The U.S. Chamber of Commerce in Washington, D.C., has launched a new collaboration with Howard University called the Next-Gen Business Partnership. Its goal is to increase opportunities for African American students and cultivate a new generation of business leaders.
The partnership has four parts; one is a paid summer internship program in which students from Howard are assigned to various divisions within the Chamber of Commerce, such as Health Care Policy, Congressional Affairs, Corporate Social Responsibility, or International Affairs. Interns participate in a comprehensive immersion experience, studying a wide variety of issues affecting business and industry. According to Rick Wade, vice president of strategic alliances and outreach for the chamber, “They engage in … researching policy issues, preparing briefings, leading special projects, and participating in strategy meetings.” This summer, seven interns took part in the program.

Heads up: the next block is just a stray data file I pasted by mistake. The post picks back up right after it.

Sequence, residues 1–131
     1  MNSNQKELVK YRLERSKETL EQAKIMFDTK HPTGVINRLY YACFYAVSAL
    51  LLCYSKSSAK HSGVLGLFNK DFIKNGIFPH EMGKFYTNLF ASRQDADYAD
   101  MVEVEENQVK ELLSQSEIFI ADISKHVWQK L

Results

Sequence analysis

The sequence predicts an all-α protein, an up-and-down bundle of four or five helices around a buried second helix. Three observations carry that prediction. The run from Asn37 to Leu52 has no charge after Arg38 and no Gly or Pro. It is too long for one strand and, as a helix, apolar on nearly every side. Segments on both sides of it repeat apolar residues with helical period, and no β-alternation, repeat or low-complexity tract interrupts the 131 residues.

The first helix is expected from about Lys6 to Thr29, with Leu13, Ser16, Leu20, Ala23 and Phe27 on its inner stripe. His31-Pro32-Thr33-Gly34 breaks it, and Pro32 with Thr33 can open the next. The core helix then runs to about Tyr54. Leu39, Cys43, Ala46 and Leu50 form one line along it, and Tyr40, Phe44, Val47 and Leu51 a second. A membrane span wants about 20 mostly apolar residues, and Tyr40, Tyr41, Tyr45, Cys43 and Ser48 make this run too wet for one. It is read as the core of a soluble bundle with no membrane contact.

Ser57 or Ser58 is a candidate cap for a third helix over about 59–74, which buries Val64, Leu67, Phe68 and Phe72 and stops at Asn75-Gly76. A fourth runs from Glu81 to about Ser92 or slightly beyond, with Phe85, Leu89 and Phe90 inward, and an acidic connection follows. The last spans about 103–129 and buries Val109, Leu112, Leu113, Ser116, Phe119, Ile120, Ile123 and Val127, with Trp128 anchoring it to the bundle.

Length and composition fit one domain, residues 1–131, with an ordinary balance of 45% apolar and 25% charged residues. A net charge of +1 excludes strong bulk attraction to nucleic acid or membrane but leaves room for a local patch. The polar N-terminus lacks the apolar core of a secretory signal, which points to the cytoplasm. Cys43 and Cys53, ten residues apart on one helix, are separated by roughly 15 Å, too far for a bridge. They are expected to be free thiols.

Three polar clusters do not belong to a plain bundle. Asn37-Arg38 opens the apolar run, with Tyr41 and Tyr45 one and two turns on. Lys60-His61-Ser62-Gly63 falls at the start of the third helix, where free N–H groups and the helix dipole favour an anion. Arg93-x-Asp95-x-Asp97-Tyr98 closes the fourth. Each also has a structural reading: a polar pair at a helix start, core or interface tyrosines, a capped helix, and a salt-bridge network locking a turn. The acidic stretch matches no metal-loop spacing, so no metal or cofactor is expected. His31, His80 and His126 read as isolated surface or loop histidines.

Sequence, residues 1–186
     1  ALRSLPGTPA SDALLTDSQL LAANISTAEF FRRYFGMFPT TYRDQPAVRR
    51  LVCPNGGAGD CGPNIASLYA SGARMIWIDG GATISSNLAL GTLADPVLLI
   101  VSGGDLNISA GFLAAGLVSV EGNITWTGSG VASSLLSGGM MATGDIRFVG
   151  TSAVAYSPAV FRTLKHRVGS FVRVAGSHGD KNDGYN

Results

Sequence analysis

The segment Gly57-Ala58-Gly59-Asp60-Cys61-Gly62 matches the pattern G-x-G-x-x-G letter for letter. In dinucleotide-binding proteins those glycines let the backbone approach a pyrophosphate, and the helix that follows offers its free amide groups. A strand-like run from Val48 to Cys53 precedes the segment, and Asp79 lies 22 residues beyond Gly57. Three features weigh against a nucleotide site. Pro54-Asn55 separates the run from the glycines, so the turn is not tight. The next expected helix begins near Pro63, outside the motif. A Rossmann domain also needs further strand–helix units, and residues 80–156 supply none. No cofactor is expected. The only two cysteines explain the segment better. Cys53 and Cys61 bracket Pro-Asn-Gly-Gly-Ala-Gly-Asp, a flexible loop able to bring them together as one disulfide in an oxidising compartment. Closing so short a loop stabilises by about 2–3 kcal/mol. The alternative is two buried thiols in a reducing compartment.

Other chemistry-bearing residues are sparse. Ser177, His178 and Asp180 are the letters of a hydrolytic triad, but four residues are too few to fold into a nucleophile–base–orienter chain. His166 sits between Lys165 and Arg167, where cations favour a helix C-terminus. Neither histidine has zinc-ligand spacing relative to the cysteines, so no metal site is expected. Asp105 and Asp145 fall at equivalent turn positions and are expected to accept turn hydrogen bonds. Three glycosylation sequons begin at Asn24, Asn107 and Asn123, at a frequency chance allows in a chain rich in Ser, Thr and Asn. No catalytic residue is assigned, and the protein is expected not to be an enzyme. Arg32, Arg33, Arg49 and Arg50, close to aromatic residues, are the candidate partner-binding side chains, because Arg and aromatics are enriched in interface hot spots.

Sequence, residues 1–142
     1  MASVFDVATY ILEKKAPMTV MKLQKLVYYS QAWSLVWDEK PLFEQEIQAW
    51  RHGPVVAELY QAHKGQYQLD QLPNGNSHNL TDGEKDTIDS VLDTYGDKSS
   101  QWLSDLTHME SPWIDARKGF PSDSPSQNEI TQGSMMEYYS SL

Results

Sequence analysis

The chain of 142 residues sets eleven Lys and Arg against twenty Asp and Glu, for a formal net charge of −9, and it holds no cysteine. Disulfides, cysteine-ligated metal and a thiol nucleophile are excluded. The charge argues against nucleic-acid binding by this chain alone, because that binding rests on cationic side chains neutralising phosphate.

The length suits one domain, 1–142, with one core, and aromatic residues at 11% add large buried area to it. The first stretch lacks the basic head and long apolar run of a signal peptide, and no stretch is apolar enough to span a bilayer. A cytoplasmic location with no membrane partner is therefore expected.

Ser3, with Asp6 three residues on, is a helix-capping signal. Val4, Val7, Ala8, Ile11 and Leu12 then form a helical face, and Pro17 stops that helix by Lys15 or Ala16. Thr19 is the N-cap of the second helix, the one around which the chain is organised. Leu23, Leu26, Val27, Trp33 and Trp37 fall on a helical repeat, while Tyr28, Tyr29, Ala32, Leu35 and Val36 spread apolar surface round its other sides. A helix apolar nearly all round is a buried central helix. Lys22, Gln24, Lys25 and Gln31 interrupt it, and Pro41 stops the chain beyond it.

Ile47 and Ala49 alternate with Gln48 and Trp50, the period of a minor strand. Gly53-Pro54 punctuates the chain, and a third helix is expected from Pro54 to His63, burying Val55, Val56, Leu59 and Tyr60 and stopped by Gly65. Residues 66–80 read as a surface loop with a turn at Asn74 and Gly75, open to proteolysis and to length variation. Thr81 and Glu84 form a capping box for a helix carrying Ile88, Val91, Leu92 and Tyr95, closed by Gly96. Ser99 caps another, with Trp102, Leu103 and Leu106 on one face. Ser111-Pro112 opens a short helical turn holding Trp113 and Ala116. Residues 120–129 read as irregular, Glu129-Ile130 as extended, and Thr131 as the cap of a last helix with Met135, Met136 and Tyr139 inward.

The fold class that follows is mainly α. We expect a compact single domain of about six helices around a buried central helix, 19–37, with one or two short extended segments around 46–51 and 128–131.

A second focus of the partnership is a faculty administration research initiative, scheduled to begin in the summer of 2019. Through this effort, a select group of Howard faculty will be able to conduct research at the chamber in areas such as international trade, tax policy, health policy, and more.
Third, the Chamber of Commerce is working to develop an executive speaker series at Howard through which diverse business leaders and industry executives will share their expertise with students via public lectures and discussion forums.
The final component of the initiative, currently in development, involves the creation of a National Innovation and Entrepreneurship Strategy and Program that aims to increase the number of entrepreneurs from underrepresented populations in the U.S.
With much of the partnership underway, chamber leaders are already making plans to grow the initiative. “The initial partnership is with Howard,” says Wade, “but our goal is to expand this [program] to other HBCUs and Minority-Serving Institutions in the years to come.”
Ginger O’Donnell is a staff writer for INSIGHT Into Diversity. This article ran in our 2018 October issue.